Publication: Monitor Volume: 5 Issue: 118

A Russian daily has written in detail on how the taking of hostages has become a profitable business in Chechnya. According to the newspaper “Kommersant,” the practice of slavery has also become widespread: People who are not wealthy, and thus not a good source for a ransom, are kidnapped to use as forced labor.

The paper interviewed Khaimbek Mansurov, a resident of Dagestan, who says that he was kidnapped into slavery in Chechnya in 1994 during a visit there to sell grain. His Kamaz truck was stopped by armed men in Chechnya’s mountains, after which he was forced to work on a mountain plantation, picking wild garlic. Mansurov claims that around 300 slaves were working on the plantation, including children, and that most of them had been kidnapped at the railway stations in Djohar and Gudermes. He said that they were forced to work in leg irons, which were not even removed at night.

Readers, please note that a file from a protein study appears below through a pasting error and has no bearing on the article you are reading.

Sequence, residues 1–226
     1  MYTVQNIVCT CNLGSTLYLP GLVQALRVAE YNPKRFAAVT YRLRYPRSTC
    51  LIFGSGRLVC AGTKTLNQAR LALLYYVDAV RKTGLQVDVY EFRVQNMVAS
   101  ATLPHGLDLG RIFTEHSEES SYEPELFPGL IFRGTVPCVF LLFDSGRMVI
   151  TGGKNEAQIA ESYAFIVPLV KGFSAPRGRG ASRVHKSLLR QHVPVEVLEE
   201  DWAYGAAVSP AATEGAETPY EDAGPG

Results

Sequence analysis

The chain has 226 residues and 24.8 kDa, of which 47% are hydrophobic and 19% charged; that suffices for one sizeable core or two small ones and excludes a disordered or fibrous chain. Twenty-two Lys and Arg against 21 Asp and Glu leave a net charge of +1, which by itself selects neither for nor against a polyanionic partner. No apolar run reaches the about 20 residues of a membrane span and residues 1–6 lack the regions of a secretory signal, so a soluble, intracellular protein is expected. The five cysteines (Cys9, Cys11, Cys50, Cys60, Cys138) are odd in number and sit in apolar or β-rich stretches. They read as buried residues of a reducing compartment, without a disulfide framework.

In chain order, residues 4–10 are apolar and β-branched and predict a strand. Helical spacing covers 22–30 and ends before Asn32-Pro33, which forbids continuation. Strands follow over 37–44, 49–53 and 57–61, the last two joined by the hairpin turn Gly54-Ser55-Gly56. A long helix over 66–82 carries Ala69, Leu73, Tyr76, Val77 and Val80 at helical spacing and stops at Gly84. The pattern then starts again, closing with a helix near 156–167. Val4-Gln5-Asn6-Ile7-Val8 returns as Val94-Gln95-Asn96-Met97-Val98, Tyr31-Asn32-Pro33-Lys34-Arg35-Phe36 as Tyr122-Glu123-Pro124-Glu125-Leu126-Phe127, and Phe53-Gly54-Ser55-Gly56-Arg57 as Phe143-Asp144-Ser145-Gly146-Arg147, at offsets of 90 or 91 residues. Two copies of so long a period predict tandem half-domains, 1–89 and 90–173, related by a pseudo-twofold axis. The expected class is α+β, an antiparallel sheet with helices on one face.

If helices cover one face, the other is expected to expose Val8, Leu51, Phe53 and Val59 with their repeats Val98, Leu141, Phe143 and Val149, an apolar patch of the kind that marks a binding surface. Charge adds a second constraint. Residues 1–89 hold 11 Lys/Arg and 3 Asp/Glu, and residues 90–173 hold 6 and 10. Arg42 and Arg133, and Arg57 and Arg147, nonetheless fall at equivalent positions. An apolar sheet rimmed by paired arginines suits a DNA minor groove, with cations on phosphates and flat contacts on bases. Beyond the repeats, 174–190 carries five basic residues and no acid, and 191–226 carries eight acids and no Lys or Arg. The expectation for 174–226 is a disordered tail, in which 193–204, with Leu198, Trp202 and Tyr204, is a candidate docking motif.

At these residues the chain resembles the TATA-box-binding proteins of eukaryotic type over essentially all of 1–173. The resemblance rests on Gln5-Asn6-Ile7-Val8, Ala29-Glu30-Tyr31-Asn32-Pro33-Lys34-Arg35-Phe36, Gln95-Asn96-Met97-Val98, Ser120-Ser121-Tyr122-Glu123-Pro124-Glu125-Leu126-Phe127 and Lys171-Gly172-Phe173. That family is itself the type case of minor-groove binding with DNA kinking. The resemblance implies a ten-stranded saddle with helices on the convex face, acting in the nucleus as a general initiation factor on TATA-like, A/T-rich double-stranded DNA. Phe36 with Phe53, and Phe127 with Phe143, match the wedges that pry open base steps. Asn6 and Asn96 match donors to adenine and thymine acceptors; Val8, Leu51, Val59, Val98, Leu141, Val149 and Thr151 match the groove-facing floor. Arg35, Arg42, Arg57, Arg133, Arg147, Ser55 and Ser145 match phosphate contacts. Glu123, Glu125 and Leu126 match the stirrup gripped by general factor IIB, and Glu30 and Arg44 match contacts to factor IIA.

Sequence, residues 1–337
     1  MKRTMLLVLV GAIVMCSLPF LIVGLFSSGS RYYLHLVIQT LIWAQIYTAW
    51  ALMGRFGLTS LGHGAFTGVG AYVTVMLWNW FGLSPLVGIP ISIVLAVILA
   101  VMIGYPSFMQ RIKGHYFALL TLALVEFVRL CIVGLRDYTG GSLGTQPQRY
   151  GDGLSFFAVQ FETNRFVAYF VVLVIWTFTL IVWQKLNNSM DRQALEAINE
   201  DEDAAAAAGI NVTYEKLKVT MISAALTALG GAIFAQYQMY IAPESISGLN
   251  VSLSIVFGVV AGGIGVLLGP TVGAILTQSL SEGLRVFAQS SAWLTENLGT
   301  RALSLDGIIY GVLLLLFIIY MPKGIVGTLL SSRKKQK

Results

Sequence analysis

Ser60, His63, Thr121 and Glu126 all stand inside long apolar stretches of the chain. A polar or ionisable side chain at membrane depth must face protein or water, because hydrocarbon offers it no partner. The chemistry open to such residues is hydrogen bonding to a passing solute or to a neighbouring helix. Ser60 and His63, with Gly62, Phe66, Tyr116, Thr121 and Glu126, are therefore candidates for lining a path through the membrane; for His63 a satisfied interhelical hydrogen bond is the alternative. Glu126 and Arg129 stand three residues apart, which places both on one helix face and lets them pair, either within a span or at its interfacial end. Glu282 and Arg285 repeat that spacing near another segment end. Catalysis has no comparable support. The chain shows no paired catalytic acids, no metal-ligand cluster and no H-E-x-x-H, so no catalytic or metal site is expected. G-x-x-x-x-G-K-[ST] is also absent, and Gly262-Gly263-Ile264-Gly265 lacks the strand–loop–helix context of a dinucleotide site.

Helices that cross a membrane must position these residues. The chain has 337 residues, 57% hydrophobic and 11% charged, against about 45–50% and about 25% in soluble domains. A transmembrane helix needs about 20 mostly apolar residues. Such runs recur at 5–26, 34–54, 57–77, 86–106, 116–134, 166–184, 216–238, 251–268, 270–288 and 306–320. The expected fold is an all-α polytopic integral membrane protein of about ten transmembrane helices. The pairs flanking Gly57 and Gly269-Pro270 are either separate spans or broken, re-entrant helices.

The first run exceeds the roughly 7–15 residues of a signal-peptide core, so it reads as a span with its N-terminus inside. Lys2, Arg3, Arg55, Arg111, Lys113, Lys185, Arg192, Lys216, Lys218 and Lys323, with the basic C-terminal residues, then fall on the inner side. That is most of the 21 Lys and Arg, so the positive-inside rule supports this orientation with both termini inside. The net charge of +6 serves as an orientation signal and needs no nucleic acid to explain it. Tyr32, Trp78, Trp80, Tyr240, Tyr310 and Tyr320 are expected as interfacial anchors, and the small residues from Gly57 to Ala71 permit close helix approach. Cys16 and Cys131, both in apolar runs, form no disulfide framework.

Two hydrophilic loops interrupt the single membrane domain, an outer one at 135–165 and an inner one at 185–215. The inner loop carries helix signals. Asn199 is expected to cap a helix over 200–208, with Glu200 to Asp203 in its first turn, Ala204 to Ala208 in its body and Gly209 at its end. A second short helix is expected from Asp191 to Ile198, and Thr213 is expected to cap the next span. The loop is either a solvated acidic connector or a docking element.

According to Mansurov, when the garlic-picking season ended, the plantation owner rented the slaves to other Chechens. Mansur told “Kommersant” that during off-seasons he was forced to herd cattle. He said that earlier this month, he was herding cattle not far from Stavropol, and because he was very sick, the master allowed his leg irons to be removed. Mansur says he made his escape by jumping into the Terek River (Kommersant, June 16).